John’s Note: 2014 is Steve McCadams’ 40th year of guiding crappie fishermen on Kentucky Lake. He also fished crappie tournaments for 10 years, and at one time he was part owner of Crappie USA. “I guess you could call me a crappie farmer, because I put out a lot of crappie cover and harvest a lot of crappie,” McCadams says. Except when he’s guiding or hunting ducks, McCadams guides crappie fishermen and catches crappie every day of the year. The secret for finding and catching crappie is to know where the crappie live and build homes for crappie. “I guide for crappie 9-10 months out of the year on Kentucky Lake, and we’ve never struck out,” McCadams reports. He only may catch 1-10 crappie, when he’s fishing an hour or two on the lake, because of high winds, snow, thunder or lightning. With two clients in the boat, McCadams averages keeping 40-45 crappie per day. On Kentucky Lake where he primarily fishes, anglers only can keep crappie 10-inches long or longer. However, on an average day, his clients may catch 100 crappie and release the undersized ones.
I mentioned earlier that I like to build my stake beds in February and early March.
Yes, I have built stake beds and brush shelters that produce crappie within a week or two after I put them out. However, my rule of thumb is if I put a stake bed out in late winter, I really don’t expect that stake bed to start producing crappie until May or later. Warm weather causes algae and plankton to build-up on those stake beds. This is the type food that bait fish eat. When the bait fish start coming around your fish attractor, the bait fish attract the crappie and the other sport fish.
So, don’t be disappointed, if you put out a stake bed the first week in June, you go to that structure but don’t catch any crappie on it all summer long. You have to remember that attracting crappie using brush shelters and stake beds isn’t like making instant pudding.
Don’t get discouraged, if your fish attractor doesn’t produce limits of crappie as fast as you think it should.
Those fish attractors require time to age, before they can produce crappie. But I will say this. If you sink brush and cover in the warmer months, this cover will start producing crappie sooner than the beds you build in late winter.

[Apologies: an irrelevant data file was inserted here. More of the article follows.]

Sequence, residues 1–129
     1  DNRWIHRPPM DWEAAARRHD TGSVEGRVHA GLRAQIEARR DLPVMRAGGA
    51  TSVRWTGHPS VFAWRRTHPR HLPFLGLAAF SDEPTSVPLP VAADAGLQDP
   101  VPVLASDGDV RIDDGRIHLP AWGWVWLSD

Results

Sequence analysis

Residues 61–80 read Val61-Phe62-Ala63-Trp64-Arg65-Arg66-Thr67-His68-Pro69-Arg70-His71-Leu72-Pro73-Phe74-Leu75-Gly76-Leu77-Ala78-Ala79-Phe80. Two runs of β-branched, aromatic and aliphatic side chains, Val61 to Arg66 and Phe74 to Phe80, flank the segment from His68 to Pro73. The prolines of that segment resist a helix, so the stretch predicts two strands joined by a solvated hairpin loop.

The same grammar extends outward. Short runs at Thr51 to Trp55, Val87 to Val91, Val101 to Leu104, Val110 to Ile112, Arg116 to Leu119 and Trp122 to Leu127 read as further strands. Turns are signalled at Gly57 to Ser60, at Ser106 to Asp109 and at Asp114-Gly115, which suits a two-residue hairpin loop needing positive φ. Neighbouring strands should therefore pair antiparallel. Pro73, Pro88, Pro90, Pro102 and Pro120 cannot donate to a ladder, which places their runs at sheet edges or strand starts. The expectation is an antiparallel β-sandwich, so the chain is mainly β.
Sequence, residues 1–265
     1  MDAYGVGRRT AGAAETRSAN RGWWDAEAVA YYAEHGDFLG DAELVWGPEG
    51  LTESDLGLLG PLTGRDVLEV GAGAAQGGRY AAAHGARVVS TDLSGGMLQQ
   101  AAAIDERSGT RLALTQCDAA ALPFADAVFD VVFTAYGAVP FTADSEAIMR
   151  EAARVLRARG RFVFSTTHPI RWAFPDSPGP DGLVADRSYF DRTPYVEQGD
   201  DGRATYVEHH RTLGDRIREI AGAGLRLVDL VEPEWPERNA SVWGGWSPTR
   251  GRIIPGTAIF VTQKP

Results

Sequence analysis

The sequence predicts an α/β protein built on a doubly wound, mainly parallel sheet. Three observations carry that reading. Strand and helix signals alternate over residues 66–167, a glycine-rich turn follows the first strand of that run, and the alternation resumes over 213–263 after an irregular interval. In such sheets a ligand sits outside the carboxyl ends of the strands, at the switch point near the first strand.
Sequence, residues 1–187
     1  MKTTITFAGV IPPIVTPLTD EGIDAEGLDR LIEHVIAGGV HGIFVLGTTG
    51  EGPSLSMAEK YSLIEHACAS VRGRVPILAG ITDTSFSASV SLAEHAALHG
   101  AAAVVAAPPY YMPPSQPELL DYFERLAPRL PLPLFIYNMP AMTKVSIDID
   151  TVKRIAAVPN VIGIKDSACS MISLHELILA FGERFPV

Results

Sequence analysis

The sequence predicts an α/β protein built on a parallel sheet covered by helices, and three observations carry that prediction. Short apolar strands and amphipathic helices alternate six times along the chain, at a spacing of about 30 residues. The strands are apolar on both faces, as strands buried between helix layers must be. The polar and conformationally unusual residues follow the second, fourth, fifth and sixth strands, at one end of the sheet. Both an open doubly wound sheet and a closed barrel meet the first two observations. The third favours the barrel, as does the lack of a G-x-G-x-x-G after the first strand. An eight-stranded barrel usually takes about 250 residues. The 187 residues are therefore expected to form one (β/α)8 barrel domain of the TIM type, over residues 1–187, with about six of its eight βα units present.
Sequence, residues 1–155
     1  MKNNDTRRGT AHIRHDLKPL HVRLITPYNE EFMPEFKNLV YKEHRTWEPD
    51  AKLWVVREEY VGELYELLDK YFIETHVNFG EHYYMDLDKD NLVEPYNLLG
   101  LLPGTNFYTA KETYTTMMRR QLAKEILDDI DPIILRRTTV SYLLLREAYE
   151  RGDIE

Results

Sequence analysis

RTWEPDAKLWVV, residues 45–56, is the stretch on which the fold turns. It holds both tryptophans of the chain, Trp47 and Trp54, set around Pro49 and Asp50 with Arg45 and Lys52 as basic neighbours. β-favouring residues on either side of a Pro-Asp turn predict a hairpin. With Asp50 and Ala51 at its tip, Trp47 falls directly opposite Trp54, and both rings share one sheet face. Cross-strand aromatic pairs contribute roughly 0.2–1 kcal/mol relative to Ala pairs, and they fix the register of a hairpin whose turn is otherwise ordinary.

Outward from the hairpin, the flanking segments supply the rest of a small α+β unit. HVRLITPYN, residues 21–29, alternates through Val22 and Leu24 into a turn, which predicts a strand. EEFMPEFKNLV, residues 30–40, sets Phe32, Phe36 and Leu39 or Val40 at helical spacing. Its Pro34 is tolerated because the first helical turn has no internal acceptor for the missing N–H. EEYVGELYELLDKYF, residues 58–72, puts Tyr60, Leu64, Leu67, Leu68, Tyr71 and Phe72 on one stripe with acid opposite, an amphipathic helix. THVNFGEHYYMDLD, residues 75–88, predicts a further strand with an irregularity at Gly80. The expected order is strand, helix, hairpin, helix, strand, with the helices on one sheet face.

Always remember, if you’re going to farm crappie that, “The wind giveth, and the wind taketh away.” So, one of the major keys in deciding where to put your fish attractors will be what type of wind may be blowing. Can you get to this fish attractor? Will it be protected from the wind? Windy conditions don’t really bother the fish as much as they do the fishermen. No one likes to bounce up and down and try to hold their poles steady, when they’re crappie fishing. You can have the best, most-productive fish attractor on any lake, but what good is that spot, if you can’t get to it and fish it on a windy day.
To learn more about fishing with Steve McCadams and fishing Kentucky Lake you can go to his website www.stevemccadams.com, or call 731-642-0360.
To learn much more about crappie fishing, get John E. Phillips’ Kindle eBooks and some print books, “Crappie: How to Catch Them Fall & Winter,” “Crappie: How to Catch Them Spring and Summer,” “Catch Cold Water Crappie Now,” and “Reelfoot Lake: How to Fish for Crappie, Bass, Bluegills and Catfish & Hunt for Ducks.” Click here to get these books.
Steve McCadams Professional Guide Service – [email protected] – (731) 642-0360
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About the Author
John Phillips, winner of the 2012 Homer Circle Fishing Award for outstanding fishing writer by the American Sportfishing Association (ASA) and the Professional Outdoor Media Association (POMA), the 2008 Crossbow Communicator of the year and the 2007 Legendary Communicator chosen for induction into the National Fresh Water Hall of Fame, is a freelance writer (over 6,000 magazine articles for about 100 magazines and several thousand newspaper columns published), magazine editor, photographer for print media as well as industry catalogues (over 25,000 photos published), lecturer, outdoor consultant, marketing consultant, book author and daily internet content provider with an overview of the outdoors.